Where to start with this marvel? Perhaps, the RobotReviewer website that allows you free access to upload PDFs of clinical trials and have them automatically assessed for bias. Alternatively, there is the recent peer-reviewed journal article RobotReviewer: evaluation of a system for automatically assessing bias in clinical trials. Or even the various tweets that have been tweeted by a multitude of people.
But what is RobotReviewer? The aims are laid out in the objectives of the above paper:
“…a system to automate the assessment of bias of randomized controlled trials using the Cochrane Risk of Bias (RoB) Tool. For each domain in the Cochrane RoB tool, the system should reliably perform two tasks: 1. Determine whether a trial is at low risk of bias (document classification of low v high or unclear risk of bias), and 2. Identify text from the trial report that supports these bias judgments (sentence classification of relevant v irrelevant).”
Without going into too much detail the authors have used machine learning to automate the process. They highlight that they use distant supervision as opposed to the more conventional supervised learning. For more information, and why this was important, see the full-text (via the link above). But essentially the authors took risk of bias assessments and annotations directly from Cochrane (ie done by a human) and got the system to learn what features to look for and to base their predictions on that.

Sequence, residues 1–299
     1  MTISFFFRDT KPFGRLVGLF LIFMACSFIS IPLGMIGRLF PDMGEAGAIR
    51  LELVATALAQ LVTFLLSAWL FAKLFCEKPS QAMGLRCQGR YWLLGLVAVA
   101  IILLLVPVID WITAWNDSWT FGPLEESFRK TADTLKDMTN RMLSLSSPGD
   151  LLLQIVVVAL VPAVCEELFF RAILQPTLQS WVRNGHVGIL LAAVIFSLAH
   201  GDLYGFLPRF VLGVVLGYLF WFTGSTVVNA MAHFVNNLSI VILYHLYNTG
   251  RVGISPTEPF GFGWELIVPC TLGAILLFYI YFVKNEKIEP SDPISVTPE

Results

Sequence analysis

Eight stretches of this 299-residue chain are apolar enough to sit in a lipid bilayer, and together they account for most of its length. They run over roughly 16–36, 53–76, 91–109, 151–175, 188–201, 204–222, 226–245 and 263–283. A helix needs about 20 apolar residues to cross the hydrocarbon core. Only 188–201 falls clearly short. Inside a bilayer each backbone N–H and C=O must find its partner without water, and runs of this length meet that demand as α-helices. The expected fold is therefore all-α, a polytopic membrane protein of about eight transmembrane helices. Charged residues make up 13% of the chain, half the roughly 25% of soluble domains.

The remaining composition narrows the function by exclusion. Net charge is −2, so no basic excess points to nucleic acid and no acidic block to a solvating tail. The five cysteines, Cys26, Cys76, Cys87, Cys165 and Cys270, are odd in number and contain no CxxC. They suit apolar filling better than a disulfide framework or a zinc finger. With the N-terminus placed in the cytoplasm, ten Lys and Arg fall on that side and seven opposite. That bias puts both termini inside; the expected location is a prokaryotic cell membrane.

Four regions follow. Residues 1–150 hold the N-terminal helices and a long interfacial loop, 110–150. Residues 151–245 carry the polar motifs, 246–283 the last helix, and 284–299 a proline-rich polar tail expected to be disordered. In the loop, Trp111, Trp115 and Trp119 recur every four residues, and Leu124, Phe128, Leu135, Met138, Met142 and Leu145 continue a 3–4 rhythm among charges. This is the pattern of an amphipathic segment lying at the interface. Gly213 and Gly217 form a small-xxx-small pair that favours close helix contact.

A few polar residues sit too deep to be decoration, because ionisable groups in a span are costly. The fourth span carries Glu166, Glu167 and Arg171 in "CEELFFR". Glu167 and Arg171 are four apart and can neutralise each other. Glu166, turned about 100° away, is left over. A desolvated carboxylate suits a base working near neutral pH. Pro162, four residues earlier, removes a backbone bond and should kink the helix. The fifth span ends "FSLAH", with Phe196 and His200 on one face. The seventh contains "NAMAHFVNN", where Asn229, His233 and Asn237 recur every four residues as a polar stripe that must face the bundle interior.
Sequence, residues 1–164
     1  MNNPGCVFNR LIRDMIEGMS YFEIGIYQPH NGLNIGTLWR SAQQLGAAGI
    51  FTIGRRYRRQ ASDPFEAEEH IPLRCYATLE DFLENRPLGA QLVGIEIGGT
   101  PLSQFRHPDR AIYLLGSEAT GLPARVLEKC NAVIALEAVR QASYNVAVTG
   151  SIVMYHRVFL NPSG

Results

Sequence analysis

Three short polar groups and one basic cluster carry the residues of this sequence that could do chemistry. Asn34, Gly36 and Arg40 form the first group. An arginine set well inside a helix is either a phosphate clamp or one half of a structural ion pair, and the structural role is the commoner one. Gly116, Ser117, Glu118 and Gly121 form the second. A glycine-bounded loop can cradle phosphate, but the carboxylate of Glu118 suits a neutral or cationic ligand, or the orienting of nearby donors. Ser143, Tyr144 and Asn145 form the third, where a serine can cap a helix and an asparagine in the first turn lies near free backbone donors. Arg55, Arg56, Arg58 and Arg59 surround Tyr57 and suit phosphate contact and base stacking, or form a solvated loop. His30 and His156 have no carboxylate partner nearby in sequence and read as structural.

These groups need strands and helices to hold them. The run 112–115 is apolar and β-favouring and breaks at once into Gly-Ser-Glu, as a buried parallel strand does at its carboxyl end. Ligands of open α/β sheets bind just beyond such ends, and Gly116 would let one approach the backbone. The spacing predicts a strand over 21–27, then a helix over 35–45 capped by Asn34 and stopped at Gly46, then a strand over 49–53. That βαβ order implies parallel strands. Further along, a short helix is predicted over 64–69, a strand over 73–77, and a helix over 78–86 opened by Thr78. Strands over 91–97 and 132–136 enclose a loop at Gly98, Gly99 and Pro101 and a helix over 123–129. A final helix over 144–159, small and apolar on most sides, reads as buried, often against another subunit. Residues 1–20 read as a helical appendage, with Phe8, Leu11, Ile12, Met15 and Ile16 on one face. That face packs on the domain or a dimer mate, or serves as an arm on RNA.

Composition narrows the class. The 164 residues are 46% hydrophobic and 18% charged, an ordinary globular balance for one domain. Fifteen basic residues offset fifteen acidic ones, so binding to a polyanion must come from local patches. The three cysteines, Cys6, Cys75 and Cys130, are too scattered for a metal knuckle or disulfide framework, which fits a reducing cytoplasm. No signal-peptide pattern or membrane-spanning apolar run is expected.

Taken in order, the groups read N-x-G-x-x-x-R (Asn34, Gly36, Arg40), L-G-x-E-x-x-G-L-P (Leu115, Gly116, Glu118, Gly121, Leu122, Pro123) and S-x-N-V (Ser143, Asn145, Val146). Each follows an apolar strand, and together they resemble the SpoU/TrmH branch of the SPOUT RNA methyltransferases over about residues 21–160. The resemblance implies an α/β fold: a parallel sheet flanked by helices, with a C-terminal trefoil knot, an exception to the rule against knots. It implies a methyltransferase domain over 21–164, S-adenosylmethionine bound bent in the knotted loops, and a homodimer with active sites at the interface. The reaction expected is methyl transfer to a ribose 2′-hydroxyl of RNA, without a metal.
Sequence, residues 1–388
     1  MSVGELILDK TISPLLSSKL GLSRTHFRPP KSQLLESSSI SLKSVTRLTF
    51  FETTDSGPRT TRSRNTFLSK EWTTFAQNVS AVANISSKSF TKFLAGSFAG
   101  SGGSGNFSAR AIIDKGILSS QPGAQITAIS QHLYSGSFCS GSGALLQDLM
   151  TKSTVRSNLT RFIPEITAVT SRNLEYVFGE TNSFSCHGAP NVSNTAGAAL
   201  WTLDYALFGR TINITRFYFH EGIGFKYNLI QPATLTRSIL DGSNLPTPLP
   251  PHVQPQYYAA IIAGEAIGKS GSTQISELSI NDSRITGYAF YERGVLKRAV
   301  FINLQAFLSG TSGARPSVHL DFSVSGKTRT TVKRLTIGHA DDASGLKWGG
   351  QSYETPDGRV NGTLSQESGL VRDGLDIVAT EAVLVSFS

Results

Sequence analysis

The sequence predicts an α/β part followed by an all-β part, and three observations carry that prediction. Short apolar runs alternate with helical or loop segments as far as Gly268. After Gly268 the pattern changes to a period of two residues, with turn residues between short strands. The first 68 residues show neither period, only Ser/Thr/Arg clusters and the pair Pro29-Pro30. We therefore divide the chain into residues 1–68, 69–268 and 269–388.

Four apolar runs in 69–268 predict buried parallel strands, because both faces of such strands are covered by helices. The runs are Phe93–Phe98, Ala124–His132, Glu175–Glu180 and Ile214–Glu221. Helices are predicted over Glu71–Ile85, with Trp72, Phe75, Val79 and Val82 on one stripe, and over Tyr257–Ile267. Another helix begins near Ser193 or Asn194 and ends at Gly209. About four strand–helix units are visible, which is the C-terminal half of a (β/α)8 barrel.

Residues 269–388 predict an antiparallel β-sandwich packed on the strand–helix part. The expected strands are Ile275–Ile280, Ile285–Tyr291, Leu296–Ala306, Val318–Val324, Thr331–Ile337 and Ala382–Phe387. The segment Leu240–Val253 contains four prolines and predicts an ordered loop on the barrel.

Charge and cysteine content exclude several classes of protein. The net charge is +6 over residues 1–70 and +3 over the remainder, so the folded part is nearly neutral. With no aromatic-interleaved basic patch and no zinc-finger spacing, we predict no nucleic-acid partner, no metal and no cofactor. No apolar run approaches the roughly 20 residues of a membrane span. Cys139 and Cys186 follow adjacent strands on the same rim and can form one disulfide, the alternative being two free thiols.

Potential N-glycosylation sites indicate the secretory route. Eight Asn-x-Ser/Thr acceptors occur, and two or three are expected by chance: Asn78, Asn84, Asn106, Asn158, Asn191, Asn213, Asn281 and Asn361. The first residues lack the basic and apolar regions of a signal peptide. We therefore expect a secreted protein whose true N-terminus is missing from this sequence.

As part of the paper the authors test their system, reporting:
“Automatic document judgments were of reasonable accuracy, lagging our estimate of human reviewer accuracy by around 7%.”
“Future methodological improvements are likely to close the gap between the algorithm and human performance, and may eventually be able to replace manual risk of bias assessment altogether.”
To use RobotReviewer you simply go to the website, and upload a PDF of a trial and you get a result like this:
On the left hand side is the paper and on the right hand side are the results. As you’ll see there are six risk of bias measures e.g. Random Sequence Generation, Allocation Concealment. The eye symbol with the number three indicates that the system found three sentences pertinent to that potential bias. Clicking on each measure reveals more information, including the actual assessment:
In the above example it assesses the Allocation Concealment as having a low risk of bias and the Blinding Of Participants And Personnel as having high/unclear risk of bias.
While not quite perfect, it’s remarkably good and the authors discuss it’s potential use in supporting/streamlining the systematic review process in the discussion section of the paper. Tools like this, as they’re adopted, should transform the speed and cost of systematic (and rapid) review production.